Pulmonary alveolar proteinosis.

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Pulmonary alveolar proteinosis.

Respirology. 2020 May 03;:

Authors: Jouneau S, Ménard C, Lederlin M

PAP is an ultra-rare disease in which surfactant components, that impair gas exchange, accumulate in the alveolae. There are three types of PAP. The most frequent form, primary PAP, includes autoimmune PAP which accounts for over 90% of all PAP, defined by the presence of circulating anti-GM-CSF antibodies. Secondary PAP is mainly due to haematological disease, infections or inhaling toxic substances, while genetic PAP affects almost exclusively children. PAP is suspected if investigation for ILD reveals a crazy-paving pattern on chest CT scan, and is confirmed by a milky looking BAL that gives a positive PAS reaction indicating extracellular proteinaceous material. PAP is now rarely confirmed by surgical lung biopsy. WLL is still the first-line treatment, with an inhaled GM-CSF as second-line treatment. Inhalation has been found to be better than subcutaneous injections. Other treatments, such as rituximab or plasmapheresis, seem to be less efficient or ineffective. The main complications of PAP are due to infections by standard pathogens (Streptococcus, Haemophilus and Enterobacteria) or opportunistic pathogens such as mycobacteria, Nocardia, Actinomyces, Aspergillus or Cryptococcus. The clinical course of PAP is unpredictable and spontaneous improvement can occur. The 5-year actuarial survival rate is 95%.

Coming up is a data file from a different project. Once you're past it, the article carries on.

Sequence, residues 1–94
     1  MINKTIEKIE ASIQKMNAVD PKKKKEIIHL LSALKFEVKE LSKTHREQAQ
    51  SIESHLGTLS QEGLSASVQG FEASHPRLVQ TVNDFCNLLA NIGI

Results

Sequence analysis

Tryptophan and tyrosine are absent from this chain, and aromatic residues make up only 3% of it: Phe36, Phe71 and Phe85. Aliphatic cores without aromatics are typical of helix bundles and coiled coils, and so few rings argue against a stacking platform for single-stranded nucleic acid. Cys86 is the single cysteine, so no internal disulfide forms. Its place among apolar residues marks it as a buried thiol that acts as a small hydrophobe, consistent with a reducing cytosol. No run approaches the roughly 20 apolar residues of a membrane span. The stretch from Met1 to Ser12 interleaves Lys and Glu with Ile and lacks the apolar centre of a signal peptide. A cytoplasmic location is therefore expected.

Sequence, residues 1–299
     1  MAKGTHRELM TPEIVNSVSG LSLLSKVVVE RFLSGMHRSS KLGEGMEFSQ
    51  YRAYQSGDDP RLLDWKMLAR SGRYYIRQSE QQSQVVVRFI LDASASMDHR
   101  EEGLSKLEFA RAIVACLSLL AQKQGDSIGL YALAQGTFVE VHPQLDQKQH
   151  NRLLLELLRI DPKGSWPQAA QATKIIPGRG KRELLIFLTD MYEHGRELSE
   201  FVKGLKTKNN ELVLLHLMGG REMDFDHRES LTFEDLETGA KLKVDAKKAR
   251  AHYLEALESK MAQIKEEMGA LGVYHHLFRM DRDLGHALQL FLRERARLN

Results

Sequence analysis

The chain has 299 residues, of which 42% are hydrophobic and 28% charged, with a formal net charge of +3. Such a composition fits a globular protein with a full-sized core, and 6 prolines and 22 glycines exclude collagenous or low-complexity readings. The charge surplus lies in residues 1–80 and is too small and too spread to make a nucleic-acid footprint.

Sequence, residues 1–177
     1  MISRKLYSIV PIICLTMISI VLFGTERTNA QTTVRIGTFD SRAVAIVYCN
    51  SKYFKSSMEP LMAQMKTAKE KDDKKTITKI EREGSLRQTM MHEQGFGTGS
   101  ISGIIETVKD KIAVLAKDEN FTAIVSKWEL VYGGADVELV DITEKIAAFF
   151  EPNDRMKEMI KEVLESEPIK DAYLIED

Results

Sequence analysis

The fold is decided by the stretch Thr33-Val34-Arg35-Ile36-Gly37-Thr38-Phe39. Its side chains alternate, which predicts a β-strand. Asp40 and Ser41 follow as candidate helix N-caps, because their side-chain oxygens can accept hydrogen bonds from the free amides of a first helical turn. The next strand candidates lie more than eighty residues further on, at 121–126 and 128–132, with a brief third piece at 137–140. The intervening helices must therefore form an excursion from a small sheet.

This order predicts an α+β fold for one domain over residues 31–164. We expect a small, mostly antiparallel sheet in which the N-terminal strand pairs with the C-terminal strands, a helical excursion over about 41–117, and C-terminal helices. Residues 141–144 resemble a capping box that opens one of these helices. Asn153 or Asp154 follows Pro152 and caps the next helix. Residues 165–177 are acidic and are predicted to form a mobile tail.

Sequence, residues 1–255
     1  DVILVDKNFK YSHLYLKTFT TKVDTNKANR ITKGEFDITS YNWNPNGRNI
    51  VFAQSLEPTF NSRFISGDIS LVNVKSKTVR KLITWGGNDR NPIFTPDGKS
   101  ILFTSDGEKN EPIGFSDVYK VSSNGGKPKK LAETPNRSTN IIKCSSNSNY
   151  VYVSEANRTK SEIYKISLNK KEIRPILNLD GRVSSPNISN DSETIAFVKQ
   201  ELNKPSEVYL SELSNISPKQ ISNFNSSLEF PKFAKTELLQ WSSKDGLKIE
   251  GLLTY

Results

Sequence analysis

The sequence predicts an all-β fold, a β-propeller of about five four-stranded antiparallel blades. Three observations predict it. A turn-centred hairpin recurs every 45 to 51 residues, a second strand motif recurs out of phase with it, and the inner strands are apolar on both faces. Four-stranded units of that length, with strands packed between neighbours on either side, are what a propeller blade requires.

PMID: 32363736 [PubMed – as supplied by publisher]

Source: Industry